Pages of the Oasis

Wednesday, July 11, 2012

Teaching in Saudi Arabia Survey Findings Part Three: Activities that work well to keep students on task

Activities that have worked well to keep students on task

We receive a wide variety of responses and specific activity ideas in response to the question “Describe a time when students were not paying attention and how you got them back on task.’’ Changing the lesson plan on the fly to take the students mood into account, using interactive activities, and getting the students up moving were common suggestions.

Below are a collection of quotes detailing activities and responses to the class that worked for these respondents:

Specific activity suggestions:

“If the students are not paying attention then you need to change the flow of the lesson. An active game using the board works well.’’

“As a PM teacher, tackling the lethargy among the students was one of the greatest challenges I experienced. Whenever I felt their attention drifting as a whole, I would request the students to stand, form a circle, and follow a few simple calisthenics/poses/stretches that I would demonstrate. The students were at first very reluctant to participate, but for the most part, grew comfortable with the physical activity. This frequently not only helped me to regain their attention, but also helped students learn or review physical instructions and vocabulary concerning the body and directions.’’

“Choral response, perseverence.’’

“One day a few girls were feeling tired and had their heads on the table and didn't want to really participate. I had a review quiz planned for this lesson and had the girls divided into teams. The quiz had a total of 40 questions with one point awarded for each correct answer so a straight forward quiz where the team with the most points wins. The majority of the girls got very excited and wanted their team to win so I decided to deduct one point per round for any 'sleepers' on the team. This worked very well, with the more exuberant students, ensuring their sleepy teammates' participation to ensure their team would not be penalized. In my experience, Saudi students thrive during team tasks.’’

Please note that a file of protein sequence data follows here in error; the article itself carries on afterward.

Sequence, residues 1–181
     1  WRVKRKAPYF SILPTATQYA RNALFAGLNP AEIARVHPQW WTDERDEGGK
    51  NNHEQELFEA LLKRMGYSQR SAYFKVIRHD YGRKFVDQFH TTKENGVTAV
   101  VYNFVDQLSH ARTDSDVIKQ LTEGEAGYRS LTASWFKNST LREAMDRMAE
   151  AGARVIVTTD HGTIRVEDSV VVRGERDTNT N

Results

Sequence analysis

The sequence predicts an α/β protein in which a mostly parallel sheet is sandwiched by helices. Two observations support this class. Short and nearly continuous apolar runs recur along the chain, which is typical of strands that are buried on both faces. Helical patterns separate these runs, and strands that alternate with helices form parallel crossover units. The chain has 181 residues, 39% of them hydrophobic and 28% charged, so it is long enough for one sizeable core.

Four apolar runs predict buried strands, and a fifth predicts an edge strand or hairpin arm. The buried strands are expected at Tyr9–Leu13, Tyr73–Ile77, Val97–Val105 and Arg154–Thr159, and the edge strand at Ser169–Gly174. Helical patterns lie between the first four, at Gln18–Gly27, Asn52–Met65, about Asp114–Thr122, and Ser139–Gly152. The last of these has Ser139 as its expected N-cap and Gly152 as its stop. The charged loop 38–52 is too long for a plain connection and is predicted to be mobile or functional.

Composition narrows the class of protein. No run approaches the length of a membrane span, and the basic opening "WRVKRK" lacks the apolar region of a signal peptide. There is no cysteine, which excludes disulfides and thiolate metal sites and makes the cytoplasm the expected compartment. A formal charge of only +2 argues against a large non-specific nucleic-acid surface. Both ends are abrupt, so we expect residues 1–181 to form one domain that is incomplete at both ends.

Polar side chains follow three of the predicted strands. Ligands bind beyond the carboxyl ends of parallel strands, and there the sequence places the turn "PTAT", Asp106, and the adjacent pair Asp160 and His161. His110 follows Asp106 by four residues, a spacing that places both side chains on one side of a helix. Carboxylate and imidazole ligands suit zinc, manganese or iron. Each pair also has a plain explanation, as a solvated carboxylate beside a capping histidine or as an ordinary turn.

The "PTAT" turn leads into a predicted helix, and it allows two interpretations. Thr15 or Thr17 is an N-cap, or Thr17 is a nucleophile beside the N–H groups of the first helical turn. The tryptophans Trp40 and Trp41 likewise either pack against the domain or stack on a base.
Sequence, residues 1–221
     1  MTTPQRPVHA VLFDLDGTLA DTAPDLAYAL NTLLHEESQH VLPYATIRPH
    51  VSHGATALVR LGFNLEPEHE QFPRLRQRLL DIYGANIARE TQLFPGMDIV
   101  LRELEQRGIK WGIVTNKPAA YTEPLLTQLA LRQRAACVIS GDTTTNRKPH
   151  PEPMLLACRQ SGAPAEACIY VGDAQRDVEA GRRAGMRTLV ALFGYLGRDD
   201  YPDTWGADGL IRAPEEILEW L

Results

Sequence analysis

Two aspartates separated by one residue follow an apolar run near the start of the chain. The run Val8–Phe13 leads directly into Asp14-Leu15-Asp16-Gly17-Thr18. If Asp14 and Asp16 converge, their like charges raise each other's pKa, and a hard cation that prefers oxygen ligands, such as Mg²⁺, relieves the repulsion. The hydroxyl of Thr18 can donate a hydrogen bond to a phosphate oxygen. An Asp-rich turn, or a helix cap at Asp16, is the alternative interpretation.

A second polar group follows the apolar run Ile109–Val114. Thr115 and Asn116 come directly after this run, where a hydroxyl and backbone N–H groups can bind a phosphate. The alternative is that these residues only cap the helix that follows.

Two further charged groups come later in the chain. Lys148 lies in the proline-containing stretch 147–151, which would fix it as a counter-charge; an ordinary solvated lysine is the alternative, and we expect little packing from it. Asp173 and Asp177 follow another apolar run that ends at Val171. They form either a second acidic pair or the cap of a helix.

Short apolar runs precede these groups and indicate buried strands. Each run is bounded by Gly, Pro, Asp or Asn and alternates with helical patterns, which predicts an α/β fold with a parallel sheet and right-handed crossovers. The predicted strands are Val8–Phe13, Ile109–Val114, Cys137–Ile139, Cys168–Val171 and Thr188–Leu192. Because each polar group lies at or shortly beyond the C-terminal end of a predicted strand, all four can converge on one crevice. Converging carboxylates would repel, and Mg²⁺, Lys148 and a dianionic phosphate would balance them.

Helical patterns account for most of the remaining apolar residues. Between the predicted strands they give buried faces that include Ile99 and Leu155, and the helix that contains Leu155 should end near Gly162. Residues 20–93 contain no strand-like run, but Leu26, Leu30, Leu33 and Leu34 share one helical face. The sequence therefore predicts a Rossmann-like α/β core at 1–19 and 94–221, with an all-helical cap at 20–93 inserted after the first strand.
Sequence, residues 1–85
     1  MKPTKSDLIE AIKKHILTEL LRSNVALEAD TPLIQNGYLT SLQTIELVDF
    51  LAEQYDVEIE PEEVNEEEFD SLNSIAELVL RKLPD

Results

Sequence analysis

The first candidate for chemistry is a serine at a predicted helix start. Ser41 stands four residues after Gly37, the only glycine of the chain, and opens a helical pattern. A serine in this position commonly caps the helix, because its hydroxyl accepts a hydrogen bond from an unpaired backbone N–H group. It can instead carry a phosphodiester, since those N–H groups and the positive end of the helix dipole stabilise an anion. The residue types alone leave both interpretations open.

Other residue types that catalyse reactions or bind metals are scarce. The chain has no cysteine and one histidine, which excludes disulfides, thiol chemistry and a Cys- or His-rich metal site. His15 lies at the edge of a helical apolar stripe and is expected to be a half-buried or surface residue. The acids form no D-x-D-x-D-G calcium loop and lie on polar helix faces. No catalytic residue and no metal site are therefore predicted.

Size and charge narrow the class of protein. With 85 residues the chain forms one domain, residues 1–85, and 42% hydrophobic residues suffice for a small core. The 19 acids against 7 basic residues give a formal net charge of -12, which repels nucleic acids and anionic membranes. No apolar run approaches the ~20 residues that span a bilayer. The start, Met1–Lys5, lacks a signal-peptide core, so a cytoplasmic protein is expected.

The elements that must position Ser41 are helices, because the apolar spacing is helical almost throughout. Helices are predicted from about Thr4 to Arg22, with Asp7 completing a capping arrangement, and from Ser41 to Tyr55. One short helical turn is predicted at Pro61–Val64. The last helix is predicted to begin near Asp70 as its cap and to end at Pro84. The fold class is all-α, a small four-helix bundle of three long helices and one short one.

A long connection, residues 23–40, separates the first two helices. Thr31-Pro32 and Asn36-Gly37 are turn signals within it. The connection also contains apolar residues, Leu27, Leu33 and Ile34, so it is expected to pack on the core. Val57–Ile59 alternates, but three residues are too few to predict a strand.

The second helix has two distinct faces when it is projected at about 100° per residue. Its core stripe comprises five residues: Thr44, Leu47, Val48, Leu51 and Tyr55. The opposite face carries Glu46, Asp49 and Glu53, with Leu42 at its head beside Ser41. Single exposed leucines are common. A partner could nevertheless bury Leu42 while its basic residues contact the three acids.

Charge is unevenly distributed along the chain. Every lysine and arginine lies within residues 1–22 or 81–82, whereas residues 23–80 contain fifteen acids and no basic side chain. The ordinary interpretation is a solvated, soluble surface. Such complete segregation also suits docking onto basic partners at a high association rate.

“I walked over and switched off the light switch several times. The class quieted down almost immediately and I grabbed my moment and told them how much I appreciated them quieting down and expressed how beautiful the silence was. I then continued on with the lesson.’’

“Using the interactive smartboard.’’

“The students were texting, so I made three or four of them the 'online-dictionary-translation-go to-guy'. I put them in the game in that at anytime they had to be ready to translate, using their smart phones, to translate into Arabic any word that wrote on the board. I further put the iPhones against the Blackberrys for a little competitive edge.”

“I have often tried - and failed - to 'just do this one last task' - towards the end of the lesson - because - a) I've planned it, and I like to achieve my goals on my 'plans' b) I can be too ambitious in what I hope to achieve with my students! I've learned....... that you can't always win all the battles all the time ... bear in mind how much you have asked of them already, bear in mind how tired they are, how late in the day it might be, and how late in the semester! Good advice would be to slowly wind down activities towards the end of the lesson - keep tasks light and fun and open to change...............even a general 'open forum' - try not to be too ambitious!’’

“Remove trouble makers to different parts of the room.Give troublemakers a task to fulfill (a responsibility)’’

 “Completely reshuffle the class around (they actually hate this, but it does help stop them from talking). Speak to the individual troublemakers outside of class explaining the importance that they not disturb the rest of the class. The girls like to hear how good they are at something, so approach them with the incentive that they "could be so much better" than they are...if they pay attention. Like the sandwich marking theory, apply this to your reprimand to. Compliment - reprimand - compliment.’’